That’s according to Richard Mullins, director at Acceleration. He says that increasingly sophisticated technology is turning behavioural targeting into an attractive and powerful tool for marketers who want to extract the maximum value from each advertising Rand.
With behavioural targeting, marketers are empowered to direct their advertising at users based on information inferred from their online behaviour.
Research from Emarketer in the USA indicates that one in every five dollars spent on display advertising in America will be linked to behavioural targeting by 2014, providing an indication of how quickly this technology is gaining traction around the world.
Behavioural targeting isn’t new, but the technology has matured to a point where it easy to use and offers excellent results for marketers that use it in an intelligent manner, says Mullins. In addition, the local online environment is now large enough to provide the volumes of user data needed to profile user behaviour with confidence.
Behavioural targeting solutions enable marketers to use information gathered about users’ online behaviour – such as the pages they have visited or the searches they have conducted – to choose advertisements to display to them.
They can use this information to target the right message at the right user, with the right content. This allows the marketer to target their advertising to people whose online behaviour indicates that they could be acquired as customers or converted to sales, says Mullins.
A simple example is a car dealership that advertises to people who have surfed across a number of websites in an ad network to read car reviews. Based on behaviour and conversion history, the technology allows the car dealership to identify prospective customers and eliminate wastage, by focusing on the segments that deliver the best return on investment, by advertising to people who are actually interested in what they are selling, says Mullins.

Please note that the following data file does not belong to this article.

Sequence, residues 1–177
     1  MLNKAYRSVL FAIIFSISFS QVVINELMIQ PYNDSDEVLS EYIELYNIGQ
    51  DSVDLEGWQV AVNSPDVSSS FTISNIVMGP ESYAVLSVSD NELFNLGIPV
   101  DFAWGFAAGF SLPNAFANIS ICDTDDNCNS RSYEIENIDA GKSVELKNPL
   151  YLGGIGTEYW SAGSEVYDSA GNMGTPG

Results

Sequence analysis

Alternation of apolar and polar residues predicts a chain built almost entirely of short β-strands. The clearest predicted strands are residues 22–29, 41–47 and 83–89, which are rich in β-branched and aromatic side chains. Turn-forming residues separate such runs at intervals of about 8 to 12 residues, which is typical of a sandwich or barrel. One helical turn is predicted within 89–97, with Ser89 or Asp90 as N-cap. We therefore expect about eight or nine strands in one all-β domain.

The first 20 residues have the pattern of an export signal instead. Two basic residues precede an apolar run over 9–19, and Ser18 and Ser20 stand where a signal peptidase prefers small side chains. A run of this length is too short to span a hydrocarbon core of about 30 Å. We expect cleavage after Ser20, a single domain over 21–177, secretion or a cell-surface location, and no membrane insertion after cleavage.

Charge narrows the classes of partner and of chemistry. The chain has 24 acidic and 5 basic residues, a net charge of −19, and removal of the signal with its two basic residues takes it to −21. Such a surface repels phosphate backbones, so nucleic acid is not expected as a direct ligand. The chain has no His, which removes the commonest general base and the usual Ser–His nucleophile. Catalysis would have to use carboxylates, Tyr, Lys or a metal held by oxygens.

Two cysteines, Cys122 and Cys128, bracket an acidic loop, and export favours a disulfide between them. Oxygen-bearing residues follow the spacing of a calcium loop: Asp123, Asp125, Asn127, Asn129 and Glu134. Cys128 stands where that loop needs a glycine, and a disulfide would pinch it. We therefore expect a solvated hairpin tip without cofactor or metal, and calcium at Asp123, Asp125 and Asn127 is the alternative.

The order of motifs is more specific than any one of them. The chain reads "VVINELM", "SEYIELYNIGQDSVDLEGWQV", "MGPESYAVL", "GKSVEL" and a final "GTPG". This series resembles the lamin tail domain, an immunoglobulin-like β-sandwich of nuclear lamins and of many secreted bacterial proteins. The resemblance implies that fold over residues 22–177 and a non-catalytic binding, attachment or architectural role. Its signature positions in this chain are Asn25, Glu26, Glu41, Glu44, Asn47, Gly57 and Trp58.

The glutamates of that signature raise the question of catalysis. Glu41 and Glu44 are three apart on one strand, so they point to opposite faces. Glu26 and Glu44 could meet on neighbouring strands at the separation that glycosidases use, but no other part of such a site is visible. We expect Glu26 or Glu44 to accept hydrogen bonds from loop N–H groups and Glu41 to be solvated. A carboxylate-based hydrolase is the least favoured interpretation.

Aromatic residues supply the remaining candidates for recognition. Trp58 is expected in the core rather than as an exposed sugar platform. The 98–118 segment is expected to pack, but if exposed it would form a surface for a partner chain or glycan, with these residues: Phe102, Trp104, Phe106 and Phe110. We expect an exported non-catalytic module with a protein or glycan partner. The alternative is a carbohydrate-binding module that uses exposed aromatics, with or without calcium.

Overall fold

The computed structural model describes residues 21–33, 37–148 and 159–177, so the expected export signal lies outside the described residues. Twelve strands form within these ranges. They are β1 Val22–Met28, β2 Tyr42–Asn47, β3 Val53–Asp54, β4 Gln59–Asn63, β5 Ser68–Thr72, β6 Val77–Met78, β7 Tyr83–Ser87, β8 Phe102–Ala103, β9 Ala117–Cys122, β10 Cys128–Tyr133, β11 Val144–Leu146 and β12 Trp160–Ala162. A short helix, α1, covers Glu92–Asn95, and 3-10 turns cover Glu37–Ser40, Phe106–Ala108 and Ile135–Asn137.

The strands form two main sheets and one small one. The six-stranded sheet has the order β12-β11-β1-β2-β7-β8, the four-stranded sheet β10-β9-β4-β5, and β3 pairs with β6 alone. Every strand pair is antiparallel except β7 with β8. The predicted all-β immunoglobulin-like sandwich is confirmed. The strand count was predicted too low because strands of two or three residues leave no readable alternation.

Mullins says the real power of behavioural targeting kicks in when companies integrate customer relationship management, Web analytics, merchandising, ad-serving, email marketing and other tools to really understand how their customers and prospects are engaging with them online.
They can, for example, get a view of whether a user is already a customer before serving an ad and tailor their message to new customers and prospective customers. Or they can remarket a special offer to Web users who searched for the product on their Web site before drifting away.
Mullins says that privacy concerns remain an issue in behavioural targeting, although the information behavioural targeting solutions gather cannot generally be used to personally identify end-users. However, he believes that this issue will melt away as consumers are given the choice whether to allow organisations to access their tracking data.
Internet Explorer 9, for example, will have ‘Tracking Protection’ functionality that allows users to manage which organisations have access to their behavioural data.
“We believe that many users will see benefit in seeing adverts that are tailored to their needs and preferences, as will marketers,” says Mullins.
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